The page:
Yulgilbar Castle back in Edward Ogilvie’s day. A box of newly discovered diaries reveals more about the pioneering family and the landmark property.
Yulgilbar Castle back in Edward Ogilvie’s day. A box of newly discovered diaries reveals more about the pioneering family and the landmark property.

NEW READ: Fresh look at Yulgilbar family's history

A BOX of newly discovered diaries at the University of New England has become the centrepiece of a new book on one of Australia's and the Clarence Valley's best-known pastoral stations - Yulgilbar.

The new publication focuses on the foundational years of the station known to locals as The Castle, offering a fresh look at this important and colourful piece of Australian regional history.

Titled Edward David Stewart Ogilvie Squatter at Yulgilbar: His Personal Journeys 1814-1896, the book was written by Dr Terry Grigg OAM is the most extensive and robust to be completed on the property.

 

 

 

A new book on Yulgilbar Station and its owner Edward Ogilvie reveals fresh information about the man behind the property.
A new book on Yulgilbar Station and its owner Edward Ogilvie reveals fresh information about the man behind the property.

Based on new research by University of New England (UNE) history students Heather Gartshore (PhD candidate) and Karen Filewood (honours graduate), it tells the story of founder Edward Ogilvie, who settled the Yulgilbar Station in northern NSW's Clarence Valley in 1840.

Dr Grigg, who has published previously on Australian squatting history, says what emerged very prominently from the research is that Edward, a squatter on what became a very lucrative cattle station, was very far from ordinary.

"He was tough, there is no doubt about that. He had to be to make a life in the wilds of northern NSW - and it really was wild. He described himself as spending 'hours in the saddle', but he was also far more complex. He was a scholar, a lover of the arts, a writer, an amateur architect and a politician. He loved Europe and spoke French and Italian. When he travelled around Europe with his mother and father, he wrote about it in a two-volume book published in London. He was so articulate and discerning, and a man of many talents," Dr Grigg said.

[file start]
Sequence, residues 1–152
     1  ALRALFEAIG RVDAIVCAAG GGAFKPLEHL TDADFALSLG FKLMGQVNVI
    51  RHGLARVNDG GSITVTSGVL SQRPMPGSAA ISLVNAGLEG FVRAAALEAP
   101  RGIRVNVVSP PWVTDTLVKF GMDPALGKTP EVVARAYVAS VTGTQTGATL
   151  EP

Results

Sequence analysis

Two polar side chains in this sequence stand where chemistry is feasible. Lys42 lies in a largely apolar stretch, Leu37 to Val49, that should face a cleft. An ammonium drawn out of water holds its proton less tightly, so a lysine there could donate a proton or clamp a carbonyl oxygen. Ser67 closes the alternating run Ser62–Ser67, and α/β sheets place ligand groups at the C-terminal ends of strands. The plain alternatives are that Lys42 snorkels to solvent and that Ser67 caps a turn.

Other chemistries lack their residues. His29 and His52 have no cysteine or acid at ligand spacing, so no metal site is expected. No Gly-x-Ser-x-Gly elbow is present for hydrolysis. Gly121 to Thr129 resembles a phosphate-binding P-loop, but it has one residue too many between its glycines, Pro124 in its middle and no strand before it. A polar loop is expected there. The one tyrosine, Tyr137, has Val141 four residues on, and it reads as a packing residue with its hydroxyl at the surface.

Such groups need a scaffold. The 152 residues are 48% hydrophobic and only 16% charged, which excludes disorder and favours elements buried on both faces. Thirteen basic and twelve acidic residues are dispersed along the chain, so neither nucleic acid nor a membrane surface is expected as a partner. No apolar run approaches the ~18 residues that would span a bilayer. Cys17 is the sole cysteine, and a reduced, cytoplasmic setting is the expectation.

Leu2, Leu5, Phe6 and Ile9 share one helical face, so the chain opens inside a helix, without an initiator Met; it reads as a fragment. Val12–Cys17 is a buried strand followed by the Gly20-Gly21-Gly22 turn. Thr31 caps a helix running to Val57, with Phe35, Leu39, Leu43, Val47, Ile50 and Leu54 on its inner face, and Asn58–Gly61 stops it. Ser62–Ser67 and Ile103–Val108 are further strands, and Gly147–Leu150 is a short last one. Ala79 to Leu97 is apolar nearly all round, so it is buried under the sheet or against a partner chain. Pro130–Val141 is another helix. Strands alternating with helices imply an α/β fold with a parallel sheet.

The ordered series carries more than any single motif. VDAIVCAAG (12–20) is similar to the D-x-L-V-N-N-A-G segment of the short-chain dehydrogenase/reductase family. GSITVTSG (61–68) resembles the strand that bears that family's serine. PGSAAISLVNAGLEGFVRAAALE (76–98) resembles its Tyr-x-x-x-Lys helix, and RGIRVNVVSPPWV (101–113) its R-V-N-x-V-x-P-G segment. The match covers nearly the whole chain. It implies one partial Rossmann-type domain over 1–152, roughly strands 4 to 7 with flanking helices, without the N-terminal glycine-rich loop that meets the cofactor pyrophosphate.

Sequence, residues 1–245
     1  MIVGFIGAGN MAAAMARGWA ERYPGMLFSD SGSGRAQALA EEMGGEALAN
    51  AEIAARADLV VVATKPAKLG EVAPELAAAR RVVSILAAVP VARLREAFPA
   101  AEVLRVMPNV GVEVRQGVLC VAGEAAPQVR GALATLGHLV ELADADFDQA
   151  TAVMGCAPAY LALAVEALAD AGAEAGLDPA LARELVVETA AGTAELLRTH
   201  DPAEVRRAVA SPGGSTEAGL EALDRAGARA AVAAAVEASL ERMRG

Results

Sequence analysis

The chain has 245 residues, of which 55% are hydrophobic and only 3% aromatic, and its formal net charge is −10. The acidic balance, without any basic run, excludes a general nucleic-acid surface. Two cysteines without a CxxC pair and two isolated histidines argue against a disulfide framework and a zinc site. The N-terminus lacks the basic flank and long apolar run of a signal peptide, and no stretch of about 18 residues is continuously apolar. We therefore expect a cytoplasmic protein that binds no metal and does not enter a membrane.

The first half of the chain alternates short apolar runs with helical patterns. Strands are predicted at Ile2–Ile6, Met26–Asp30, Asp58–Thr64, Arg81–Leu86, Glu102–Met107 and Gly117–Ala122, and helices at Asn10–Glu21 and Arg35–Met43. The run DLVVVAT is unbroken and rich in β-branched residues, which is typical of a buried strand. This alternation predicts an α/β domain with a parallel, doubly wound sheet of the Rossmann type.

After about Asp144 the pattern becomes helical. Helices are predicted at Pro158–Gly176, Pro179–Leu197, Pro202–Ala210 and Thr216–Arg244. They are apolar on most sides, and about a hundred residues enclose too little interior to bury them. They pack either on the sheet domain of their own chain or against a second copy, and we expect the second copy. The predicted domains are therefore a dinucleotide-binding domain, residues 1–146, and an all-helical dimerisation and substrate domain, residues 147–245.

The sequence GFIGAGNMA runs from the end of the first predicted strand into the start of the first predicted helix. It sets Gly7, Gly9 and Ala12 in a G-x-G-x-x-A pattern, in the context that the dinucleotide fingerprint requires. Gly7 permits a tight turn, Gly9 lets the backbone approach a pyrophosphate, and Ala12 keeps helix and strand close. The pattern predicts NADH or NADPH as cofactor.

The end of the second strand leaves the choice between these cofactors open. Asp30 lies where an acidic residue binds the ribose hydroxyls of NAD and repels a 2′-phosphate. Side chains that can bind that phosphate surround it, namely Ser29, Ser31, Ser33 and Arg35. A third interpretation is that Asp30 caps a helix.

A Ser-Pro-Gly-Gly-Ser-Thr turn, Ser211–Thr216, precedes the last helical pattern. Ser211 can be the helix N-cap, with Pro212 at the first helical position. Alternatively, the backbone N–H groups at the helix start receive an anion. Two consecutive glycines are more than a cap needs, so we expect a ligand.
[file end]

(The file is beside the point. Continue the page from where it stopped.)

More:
Book’s author Dr Terry Grigg OAM.
Book’s author Dr Terry Grigg OAM.

 

Fascinatingly, the narrative in Dr Grigg's book is woven around 30 years of personal correspondence and diary entries newly discovered in the UNE Archives between Edward Ogilvie and his son, William, adding insight around some of Ogilvie's most important relationships that shaped both his life and professional dealings.

"Edward was concerned about his legacy, and always in his mind was that William would inherit the property. There was a long dispute; it was a torturous part of Edward's life. It ended with William walking away from the property, and William being cut out as the major beneficiary in Edward's will," he says.

The new history is the first on the subject to be thoroughly referenced using the fortuitous find at the UNE, Dr Grigg saying the assistance of Mr Bill Oates in the UNE Archives and his two UNE researchers was invaluable in making the publication possible.

UNE PhD student Heather Gartshore, who had researched her own family history in the Lismore and Grafton areas previously, said it was fascinating to discover the diaries with Mr Oates and reveal new connections and patterns to the history of the region.

"There were about 20-30 years' worth of diaries that no one knew existed until we came across them in the archives," Ms Gartshore said.

She said the valuable find meant Dr Grigg was able to contrast the declining relationship with his son, and his surprisingly amiable relationship with the local Aboriginal people.

"It's a different analysis that starts with two letters that trace the dissatisfaction between Edward and his son, which is in stark contrast to the strong relationship that he had with the local Aboriginal people, which really stood out at the time. He defended them. He went hunting with them. He spoke their dialect. He employed them. I found this really interesting and fascinating," Ms Gartshore said.

"It's a different side of the story that we wouldn't have had without those diaries."

The new book was commissioned by Yulgilbar Station's current owners, Mrs Sarah and Mr Baillieu Myer AC. The Myers glowing introduction in the book of the effort required to ensure a robust and interesting history, calling the resulting work "very readable" and "a very useful addition to the literature of the Clarence River area in the 19th century", they recommend it to all readers.

"We hope you will enjoy it as much as we did."

* Due to COVID-19 restrictions, the proposed book launch in Grafton in April had to be cancelled but those seeking a copy can order it directly from the Myer family.

Edward David Stewart Ogilvie Squatter at Yulgilbar: His Personal Journeys 1814-1896, is available for $35 including postage and can be ordered by emailing accounts@elgeepark.com.au